Unless I'm mistaken, the C3 project never delivered and the customer was so impressed that XP was banned withing that company...

Lasse Koskela

Posts: 5
Nickname: lkoskela
Registered: Oct, 2007

Re: the "TDD-or-acceptance" question Posted: Jan 17, 2008 9:38 AM
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> > As it happens, there are
> > a couple of data points. The original C3 project
> arrived
> > at their balance of practice by trying stuff and
> measuring
> > the results; it worked in their situation...
>
> Unless I'm mistaken, the C3 project never delivered and
> the customer was so impressed that XP was banned withing
> that company...

The C3 project did deliver and the system paid salaries of several thousand people. In the last two years of the project's lifetime, apparently they did not deliver another release, however.

It's also apparently true that XP was "banned" after C3 but there's also signs of them resuming the use of XP afterwards.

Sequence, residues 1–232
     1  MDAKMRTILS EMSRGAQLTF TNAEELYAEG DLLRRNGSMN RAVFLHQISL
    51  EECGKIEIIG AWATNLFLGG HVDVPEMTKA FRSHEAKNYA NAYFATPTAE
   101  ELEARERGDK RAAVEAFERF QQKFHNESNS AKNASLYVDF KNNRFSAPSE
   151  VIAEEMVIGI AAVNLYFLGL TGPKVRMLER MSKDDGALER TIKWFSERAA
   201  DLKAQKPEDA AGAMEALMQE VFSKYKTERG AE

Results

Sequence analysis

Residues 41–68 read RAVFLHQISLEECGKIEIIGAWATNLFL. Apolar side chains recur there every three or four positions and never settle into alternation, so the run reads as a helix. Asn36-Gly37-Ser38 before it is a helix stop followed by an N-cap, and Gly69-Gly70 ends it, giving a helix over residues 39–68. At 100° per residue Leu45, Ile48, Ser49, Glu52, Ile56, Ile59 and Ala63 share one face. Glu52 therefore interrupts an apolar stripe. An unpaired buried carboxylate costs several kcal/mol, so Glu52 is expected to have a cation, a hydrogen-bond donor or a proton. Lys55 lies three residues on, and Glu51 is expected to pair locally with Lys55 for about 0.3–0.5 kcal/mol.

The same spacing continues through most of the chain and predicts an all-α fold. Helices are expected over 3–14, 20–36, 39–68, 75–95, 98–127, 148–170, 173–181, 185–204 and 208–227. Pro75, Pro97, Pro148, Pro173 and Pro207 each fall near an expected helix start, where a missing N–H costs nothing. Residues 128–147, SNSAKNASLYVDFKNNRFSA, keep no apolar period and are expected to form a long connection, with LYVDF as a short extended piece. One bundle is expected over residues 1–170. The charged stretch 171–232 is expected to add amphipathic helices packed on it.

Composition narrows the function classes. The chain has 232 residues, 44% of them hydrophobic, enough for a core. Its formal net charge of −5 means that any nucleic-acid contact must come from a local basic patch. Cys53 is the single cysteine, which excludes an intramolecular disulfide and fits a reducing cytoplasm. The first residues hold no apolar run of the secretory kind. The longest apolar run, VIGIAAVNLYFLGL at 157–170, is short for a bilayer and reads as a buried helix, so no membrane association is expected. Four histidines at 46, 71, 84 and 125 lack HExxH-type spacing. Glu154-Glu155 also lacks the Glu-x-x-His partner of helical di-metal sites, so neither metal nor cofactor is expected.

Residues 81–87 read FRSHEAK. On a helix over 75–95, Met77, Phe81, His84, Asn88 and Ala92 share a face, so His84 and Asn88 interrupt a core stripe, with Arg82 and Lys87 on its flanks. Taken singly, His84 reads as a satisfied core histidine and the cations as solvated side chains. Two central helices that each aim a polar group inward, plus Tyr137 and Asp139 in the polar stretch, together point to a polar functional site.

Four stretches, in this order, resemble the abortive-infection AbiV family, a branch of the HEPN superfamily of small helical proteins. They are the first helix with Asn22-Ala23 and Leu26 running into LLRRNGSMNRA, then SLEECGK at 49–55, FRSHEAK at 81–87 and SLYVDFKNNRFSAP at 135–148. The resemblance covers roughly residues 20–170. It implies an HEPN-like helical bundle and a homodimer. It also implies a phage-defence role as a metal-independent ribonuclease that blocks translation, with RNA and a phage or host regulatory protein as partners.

This is all hear-say, however. I wasn't on the C3 project.

Neither was Martin Fowler but he does point out that the Wikipedia page, for example, doesn't seem to reflect what really happened: http://martinfowler.com/bliki/C3.html

Matt Drayer

Posts: 1
Nickname: mattdrayer
Registered: Apr, 2008

Re: Religion's Newfound Restraint on Progress Posted: Apr 11, 2008 11:15 AM
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Thanks for the great POV. I've often found myself arguing the same point about the focus on implementation-specfic skills versus overall problem solving and solution design.

Matt
http://organicapp.blogspot.com

Flat View: This topic has 55 replies on 4 pages [ « | 1  2  3  4 ]